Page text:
¶2 Fred E. Turner died January 1, 1950, while a resident of Muskogee County, leaving a will by which his surviving wife, Gunter P. Turner, was devised one-half of his estate and the remaining one-half was devised to Bacone College, except a life estate in certain real property which was given to Bertha B. Morgan.

¶3 Prior to the death of Fred E. Turner his wife had suffered a stroke which rendered her mentally incompetent, and expert testimony shows that she will not recover. They had been married for approximately 50 years, but had no children and Gunter P. Turner was the sole heir of her deceased husband, and would take his entire estate if she could elect to under the law of succession, subdivision 5, section 213 [84-213], Title 84, O.S. 1951.

¶4 The First National Bank and Trust Company of Muskogee was acting as executor of the estate of Fred E. Turner. His will had been admitted to probate. Kay Wilson, Jr. had qualified as guardian of the person and estate of Gunter P. Turner, an incompetent.

¶5 The guardian of Gunter P. Turner petitioned the County Court to elect for her to take under the law of succession and not under the will. The County Court elected that she take under the will of Fred E. Turner. From that order the guardian appealed to the District Court.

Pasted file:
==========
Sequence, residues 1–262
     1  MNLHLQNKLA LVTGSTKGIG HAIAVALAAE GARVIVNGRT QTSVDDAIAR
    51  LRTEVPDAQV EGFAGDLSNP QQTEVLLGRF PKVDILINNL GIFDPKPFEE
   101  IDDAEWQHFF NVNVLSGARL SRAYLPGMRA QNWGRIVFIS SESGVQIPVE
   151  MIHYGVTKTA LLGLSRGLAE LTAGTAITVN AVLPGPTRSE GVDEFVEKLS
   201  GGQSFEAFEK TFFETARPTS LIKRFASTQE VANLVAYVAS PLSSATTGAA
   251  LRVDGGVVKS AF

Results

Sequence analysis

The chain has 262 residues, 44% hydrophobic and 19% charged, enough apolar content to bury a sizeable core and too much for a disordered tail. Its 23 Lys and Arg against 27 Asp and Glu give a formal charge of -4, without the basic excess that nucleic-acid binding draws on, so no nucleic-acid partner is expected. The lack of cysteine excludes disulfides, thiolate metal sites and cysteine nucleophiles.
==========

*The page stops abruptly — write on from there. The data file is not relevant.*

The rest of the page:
¶6 The guardian had filed a petition in the District Court praying that the District Court elect for Gunter P. Turner that she take under the law of succession and not under the will. The appeal of the guardian from the County Court order that Mrs. Turner take under the will and the original action filed by the guardian in the District Court were consolidated.

¶7 After hearing testimony and considering the voluminous documentary evidence the District Court entered an order and decree whereby the guardian was ordered to file in the County Court an election on behalf of Gunter P. Turner that she take under the will and abide by the terms thereof. Findings of fact and conclusions of law were filed. It is from the order of the District Court ordering the guardian to file an election to take under the will that the guardian has appealed.

¶8 It is contended that the court erred in denying the petition of the guardian to take her share of the estate of her deceased husband under the law of succession, being a share of greater value than she would obtain under the will, and requiring the guardian to elect to take for her the lesser share in value under the will.